[The following sermon is taken from volume III:112-124 of The Sermons of Martin Luther, published by Baker Book House (Grand Rapids, MI). It was originally published in 1907 in English by Lutherans in All Lands Press (Minneapolis, MN), as The Precious and Sacred Writings of Martin Luther, vol. 12. The pagination from the Baker edition has been maintained for referencing. This e-text was scanned and edited by Richard P. Bucher, it is in the public domain and it may be copied and distributed without restriction.]
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1. The meaning of this Gospel lesson we have also often heard elsewhere; the only trouble is, the words have not generally been understood to have the meaning of things with which we are familiar. Therefore we will explain it a little, in order that one may see that the same teaching is contained in these words, that is found in all the other Gospel lessons. It is a fine Gospel, but it also requires fine students. We will omit the first part and consider what the Lord says, that the Holy Spirit is to convict the world in respect of sin, and of righteousness, and of judgment, and will see what the meaning of all this is.
2. In the first place, we see here that the world is accused of blindness and ignorance. All those who are without the Holy Spirit, however wise they may be in matters pertaining to the things of this world, are, before God, fools and blind. They do not like to hear this; and when they are told that their doings are of no account before God, it displeases them and makes them angry, because they insist that they are In possession of reason and the natural light, which God created in them. But what does this matter to us? There are the Scriptures and the Word of God plain and clear, that the Holy Spirit is to come to convict the world, because it does not know what sin, righteousness and judgment are. Thus it is determined, there it stands; let be angry who will, Christ does not care.
3. It is much to be deplored that the world is convicted, not only because of its sin and want of righteousness, not being able to judge rightly, but that it does not acknowledge nor see this, to say nothing of its endeavor to alter the matter. Oh, how completely the praise of all comes to naught, who, while they endeavor to make other people pious, know not themselves what sin is! Let us take, for example, at the present day, all the schools of learning and the learned men and see whether they can tell us what that one little word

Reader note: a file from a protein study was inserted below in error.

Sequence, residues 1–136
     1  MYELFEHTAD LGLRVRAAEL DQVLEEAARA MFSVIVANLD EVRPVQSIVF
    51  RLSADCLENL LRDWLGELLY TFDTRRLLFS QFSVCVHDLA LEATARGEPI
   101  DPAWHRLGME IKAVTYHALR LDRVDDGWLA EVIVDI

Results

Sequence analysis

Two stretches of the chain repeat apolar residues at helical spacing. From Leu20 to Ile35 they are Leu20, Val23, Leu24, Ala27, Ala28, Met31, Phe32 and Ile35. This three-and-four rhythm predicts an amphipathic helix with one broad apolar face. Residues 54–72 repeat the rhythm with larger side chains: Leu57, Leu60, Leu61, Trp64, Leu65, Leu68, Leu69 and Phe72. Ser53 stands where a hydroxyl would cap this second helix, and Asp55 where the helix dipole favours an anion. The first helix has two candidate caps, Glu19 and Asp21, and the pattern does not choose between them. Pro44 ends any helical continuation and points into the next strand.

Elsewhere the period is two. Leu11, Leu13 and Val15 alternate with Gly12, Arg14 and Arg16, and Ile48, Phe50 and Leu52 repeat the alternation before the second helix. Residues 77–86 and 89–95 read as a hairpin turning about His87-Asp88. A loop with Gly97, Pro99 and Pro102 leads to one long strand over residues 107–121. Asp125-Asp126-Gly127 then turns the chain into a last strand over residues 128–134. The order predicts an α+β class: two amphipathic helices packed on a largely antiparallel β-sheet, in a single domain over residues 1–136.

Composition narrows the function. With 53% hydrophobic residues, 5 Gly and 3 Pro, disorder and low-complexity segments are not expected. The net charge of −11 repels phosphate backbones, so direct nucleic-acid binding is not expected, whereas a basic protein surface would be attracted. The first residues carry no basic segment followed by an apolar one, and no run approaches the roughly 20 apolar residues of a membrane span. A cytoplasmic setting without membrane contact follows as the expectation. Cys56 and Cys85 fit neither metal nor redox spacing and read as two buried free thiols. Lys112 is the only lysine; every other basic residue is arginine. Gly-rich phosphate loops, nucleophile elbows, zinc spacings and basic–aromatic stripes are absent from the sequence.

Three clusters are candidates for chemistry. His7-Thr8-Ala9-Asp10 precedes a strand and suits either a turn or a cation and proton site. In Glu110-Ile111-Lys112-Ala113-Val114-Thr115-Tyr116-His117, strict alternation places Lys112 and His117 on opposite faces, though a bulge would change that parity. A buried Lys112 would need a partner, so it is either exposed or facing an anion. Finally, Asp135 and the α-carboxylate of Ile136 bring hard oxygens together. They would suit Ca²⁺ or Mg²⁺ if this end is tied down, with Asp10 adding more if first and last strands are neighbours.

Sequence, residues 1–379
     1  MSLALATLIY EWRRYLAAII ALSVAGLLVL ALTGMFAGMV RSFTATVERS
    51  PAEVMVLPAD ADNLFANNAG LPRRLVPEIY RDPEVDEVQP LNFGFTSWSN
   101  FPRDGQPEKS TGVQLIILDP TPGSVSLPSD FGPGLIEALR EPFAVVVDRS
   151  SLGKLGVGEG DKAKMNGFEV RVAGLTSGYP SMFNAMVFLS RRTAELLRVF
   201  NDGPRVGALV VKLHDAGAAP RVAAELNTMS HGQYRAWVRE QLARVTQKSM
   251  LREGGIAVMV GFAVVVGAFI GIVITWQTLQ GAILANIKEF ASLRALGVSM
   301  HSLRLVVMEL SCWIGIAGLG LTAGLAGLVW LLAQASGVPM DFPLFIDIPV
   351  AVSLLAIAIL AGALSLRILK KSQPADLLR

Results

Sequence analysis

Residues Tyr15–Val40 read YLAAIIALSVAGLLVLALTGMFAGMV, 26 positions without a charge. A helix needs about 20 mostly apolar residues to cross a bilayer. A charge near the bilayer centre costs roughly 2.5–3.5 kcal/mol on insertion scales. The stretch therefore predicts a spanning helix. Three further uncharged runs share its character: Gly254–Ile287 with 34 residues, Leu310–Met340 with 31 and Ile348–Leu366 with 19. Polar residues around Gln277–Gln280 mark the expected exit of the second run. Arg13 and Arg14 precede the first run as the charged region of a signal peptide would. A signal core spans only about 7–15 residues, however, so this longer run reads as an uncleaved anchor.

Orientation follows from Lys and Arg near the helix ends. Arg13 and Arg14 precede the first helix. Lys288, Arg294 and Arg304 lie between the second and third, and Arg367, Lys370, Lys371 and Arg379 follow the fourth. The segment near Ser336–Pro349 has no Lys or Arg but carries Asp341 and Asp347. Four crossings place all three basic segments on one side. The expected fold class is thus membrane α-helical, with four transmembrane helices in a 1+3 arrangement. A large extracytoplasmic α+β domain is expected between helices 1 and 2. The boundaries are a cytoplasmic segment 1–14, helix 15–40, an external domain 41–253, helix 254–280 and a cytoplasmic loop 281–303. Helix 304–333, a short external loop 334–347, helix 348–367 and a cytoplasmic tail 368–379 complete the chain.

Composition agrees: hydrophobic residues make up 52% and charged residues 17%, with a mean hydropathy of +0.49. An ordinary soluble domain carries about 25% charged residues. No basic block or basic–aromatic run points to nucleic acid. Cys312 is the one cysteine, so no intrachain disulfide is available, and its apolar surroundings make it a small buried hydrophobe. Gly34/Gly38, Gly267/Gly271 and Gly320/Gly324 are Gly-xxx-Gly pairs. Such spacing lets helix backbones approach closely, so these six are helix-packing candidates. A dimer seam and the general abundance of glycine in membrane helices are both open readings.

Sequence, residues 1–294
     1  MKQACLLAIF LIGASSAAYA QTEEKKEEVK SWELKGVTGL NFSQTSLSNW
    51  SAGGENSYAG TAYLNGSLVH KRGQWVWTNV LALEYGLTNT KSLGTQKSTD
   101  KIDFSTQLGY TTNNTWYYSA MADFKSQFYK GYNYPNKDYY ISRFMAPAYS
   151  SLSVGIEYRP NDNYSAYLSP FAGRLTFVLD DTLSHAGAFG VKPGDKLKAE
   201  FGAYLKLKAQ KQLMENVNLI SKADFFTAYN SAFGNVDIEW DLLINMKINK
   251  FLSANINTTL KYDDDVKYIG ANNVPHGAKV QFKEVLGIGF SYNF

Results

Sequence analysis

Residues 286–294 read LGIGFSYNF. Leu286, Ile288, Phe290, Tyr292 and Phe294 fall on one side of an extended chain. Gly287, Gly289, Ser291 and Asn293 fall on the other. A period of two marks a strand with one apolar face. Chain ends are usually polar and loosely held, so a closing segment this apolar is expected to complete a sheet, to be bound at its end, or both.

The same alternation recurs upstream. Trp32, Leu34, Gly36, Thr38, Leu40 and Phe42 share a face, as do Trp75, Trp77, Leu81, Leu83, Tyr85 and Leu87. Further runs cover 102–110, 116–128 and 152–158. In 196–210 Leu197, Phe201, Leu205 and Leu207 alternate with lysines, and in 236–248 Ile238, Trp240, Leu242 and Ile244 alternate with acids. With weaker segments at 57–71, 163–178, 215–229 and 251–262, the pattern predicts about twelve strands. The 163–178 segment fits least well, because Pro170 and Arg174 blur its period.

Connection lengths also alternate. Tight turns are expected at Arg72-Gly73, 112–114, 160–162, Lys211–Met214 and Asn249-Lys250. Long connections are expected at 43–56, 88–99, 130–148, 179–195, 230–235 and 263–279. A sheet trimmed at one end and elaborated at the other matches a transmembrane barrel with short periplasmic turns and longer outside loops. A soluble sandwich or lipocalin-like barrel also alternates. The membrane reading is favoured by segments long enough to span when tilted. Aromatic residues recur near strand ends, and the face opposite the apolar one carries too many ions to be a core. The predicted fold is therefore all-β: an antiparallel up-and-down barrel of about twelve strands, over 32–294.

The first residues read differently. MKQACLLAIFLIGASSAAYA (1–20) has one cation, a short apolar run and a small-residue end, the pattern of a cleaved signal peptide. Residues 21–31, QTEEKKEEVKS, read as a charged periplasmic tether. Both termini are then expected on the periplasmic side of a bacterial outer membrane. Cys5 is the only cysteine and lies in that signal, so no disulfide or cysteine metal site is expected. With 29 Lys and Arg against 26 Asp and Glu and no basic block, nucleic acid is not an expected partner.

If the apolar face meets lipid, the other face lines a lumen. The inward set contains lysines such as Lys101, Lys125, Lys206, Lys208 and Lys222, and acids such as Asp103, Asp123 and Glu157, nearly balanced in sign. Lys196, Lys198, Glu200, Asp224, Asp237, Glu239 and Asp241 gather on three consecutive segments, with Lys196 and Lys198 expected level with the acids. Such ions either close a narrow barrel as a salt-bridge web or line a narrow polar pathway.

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“sin” is? For who has ever heard that not to believe in Christ is sin? They say, it is sin if one speaks, desires or does something against God’s will and commandment. But how does that correspond with this saying of Christ: It is sin because they do not believe on me? Therefore, they are easily convicted of the fact that they know not what sin is; and if they be ever so learned, they will not be able to explain this text.
4. In like manner, they are not able to know what “righteousness” is. For who has ever heard that a man should become pious and just because Christ ascended to heaven or goes to the Father and we see him no more? There we must say, a fool has thus spoken and not a wise man. For they say, righteousness is a virtue, which teaches man what he owes others. This is true, but the trouble is, they do not understand their own words, such blind fools they are. Therefore, one needs not be surprised that they rage so much against the Gospel and persecute the Christians. How could they do otherwise? They know no better.
5. Neither do they know what “judgment” or right is, that is, a right judgment, a correct good opinion and sense, or whatever you may call it. For they say: Right is that which is written in books, how one is to know and distinguish things, to quiet and end quarrels. But how does Christ define it? He says: “It is right, that the world is to be judged.” Who understands such speech, and where will it go in or out, and how does it correspond with reason? Let us see whether we can explain it so that it may be understood.